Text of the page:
When it comes to plumbing, choosing the right type of pipe can be overwhelming. With so many options available, it’s important to understand the differences between them to make an informed decision. Two popular types of pipes are CPVC and PVC. In this article, we’ll compare CPVC vs PVC pipe and help you determine which one is better for your plumbing needs.
Table of Contents
Are PVC And CPVC The Same?
Although PVC (polyvinyl chloride) and CPVC (chlorinated polyvinyl chloride) are both made from the same base material, they are not the same. CPVC undergoes an additional chlorination process, which makes it capable of withstanding higher temperatures than regular PVC.
In fact, approximately 40 percent of the bonding sites on the backbone of CPVC are filled with chlorine atoms, which give it its unique properties.
CPVC is known for its heat-resistance and ability to withstand higher temperatures than PVC. It is often used as an alternative to copper or galvanized pipes because it is resistant to corrosion from certain substances such as corrosive soil acids and salt.
On the other hand, PVC is often used for drain lines because it is cheap and does not rust.
Due to their differing properties, PVC and CPVC have different applications and are not typically used in the same types of situations. PVC is commonly used in low-temperature applications, while CPVC is used in high-temperature applications
Are PVC And CPVC Glue The Same?
PVC and CPVC glues are not the same. These two types of plastic require different glues for a reliable fit. While CPVC glue technically can be used on PVC piping.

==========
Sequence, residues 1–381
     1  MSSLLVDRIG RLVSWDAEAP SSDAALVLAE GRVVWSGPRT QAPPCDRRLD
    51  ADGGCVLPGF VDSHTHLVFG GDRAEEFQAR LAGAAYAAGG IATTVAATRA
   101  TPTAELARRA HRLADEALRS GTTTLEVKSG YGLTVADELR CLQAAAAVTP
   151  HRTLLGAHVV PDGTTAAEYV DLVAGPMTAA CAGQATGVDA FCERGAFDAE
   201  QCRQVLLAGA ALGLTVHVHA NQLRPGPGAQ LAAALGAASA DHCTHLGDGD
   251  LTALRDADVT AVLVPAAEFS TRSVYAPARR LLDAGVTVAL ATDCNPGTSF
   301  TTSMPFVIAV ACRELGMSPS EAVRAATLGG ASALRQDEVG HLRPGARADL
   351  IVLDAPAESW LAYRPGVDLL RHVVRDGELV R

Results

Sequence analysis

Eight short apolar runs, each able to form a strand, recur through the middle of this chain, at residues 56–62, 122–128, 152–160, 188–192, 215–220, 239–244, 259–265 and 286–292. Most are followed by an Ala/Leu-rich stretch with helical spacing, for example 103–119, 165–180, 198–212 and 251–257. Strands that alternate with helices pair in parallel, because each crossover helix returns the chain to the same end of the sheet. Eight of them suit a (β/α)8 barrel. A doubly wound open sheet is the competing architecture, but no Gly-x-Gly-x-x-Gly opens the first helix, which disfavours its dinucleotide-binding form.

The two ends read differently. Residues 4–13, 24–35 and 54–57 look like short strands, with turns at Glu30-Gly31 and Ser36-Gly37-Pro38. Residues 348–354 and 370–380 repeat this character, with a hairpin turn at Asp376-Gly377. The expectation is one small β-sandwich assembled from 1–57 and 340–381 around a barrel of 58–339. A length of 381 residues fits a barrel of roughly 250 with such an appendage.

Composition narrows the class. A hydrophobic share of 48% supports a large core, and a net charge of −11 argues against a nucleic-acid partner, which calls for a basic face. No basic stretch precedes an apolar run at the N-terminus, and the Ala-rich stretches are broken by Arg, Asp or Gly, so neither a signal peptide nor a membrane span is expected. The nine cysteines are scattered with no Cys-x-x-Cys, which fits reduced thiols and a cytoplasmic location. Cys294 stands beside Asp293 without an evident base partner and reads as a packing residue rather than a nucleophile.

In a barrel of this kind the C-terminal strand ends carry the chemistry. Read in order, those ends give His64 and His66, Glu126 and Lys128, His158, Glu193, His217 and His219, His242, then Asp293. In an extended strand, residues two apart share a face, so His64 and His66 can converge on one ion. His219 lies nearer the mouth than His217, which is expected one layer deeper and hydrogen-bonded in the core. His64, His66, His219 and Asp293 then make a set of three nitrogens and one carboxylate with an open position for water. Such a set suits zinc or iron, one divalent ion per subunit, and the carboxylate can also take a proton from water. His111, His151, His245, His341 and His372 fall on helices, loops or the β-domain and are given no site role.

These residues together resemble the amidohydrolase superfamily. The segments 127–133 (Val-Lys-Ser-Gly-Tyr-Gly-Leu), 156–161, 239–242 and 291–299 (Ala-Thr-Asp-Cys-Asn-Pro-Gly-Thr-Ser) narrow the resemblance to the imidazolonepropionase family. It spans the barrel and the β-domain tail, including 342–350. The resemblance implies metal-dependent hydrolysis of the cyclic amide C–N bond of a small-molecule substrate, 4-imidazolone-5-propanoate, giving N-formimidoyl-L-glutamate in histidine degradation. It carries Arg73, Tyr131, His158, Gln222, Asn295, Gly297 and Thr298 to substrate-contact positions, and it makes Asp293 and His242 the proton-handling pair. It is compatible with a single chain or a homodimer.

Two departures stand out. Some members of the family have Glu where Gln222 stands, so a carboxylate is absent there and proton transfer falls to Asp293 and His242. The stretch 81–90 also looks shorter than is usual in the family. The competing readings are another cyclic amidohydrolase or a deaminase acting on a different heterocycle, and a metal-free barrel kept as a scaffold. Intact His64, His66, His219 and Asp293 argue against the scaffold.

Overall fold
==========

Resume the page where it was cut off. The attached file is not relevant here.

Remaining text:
it’s recommended to use the appropriate PVC solvent cement and primer for the specific application. Conversely, you cannot use PVC glue on CPVC pipe.
The PVC cement process is actually a two-step solvent welding process, while cementing CPVC is a contact cement.
This means that the PVC primer cleans and initially softens the PVC, while the CPVC primer acts as a simple contact adhesive.
There is no such thing as a “CPVC to PVC glue,” so chemically joining CPVC and PVC requires solvent cement and primer that are strong enough to fully bond the materials.
Differences Between CPVC and PVC Glue
CPVC and PVC glues are different and require specific adhesives for a secure fit. CPVC glue is a contact cement that chemically fuses the pipe and fitting together, making it stronger and more durable than PVC glue.
While CPVC glue can technically work on PVC piping, it is recommended to use the appropriate PVC solvent cement and primer for the job.
The PVC cement process is a two-step solvent welding process, while CPVC cementing is a contact cement.
The primer cleans and softens the PVC, while there is no special “CPVC to PVC glue” available, so using solvent cement and primer strong enough to fully bond the materials is necessary for joining CPVC and PVC.
Can you use CPVC glue on PVC pipes
Yes, it is possible to use CPVC glue on PVC pipes. However, it is important to note that PVC and CPVC have different applications, and are not typically used in the same types of systems.
PVC is commonly used in drain lines, while CPVC is more suitable for water supply lines due to its ability to withstand high temperatures better than PVC.
Using CPVC glue on PVC pipes requires careful consideration of the adhesive, fittings, and procedures involved. CPVC glue is a contact cement that chemically fuses the pipe and fitting together, creating a strong and reliable seam.
Although it is recommended to use the correct adhesive whenever possible, CPVC glue can be a viable option for connecting PVC pipes if done correctly.
CPVC Vs. PVC Glue: Which One Should I Use?
To ensure a secure and effective bond between pipes, it’s important to use the appropriate glue for the specific type of pipe. For PVC pipes, it’s recommended to use PVC glue, and for CPVC pipes, CPVC glue is the way to go.
Although there may be some flexibility when using CPVC glue on PVC pipes, it’s still best to use the proper glue for the pipe to ensure optimal bonding.
Using the wrong type of glue can result in weakened joints and potential leaks, which can lead to costly repairs or even system failure.
Therefore, it’s essential to follow the manufacturer’s instructions and use the recommended glue for each type of pipe.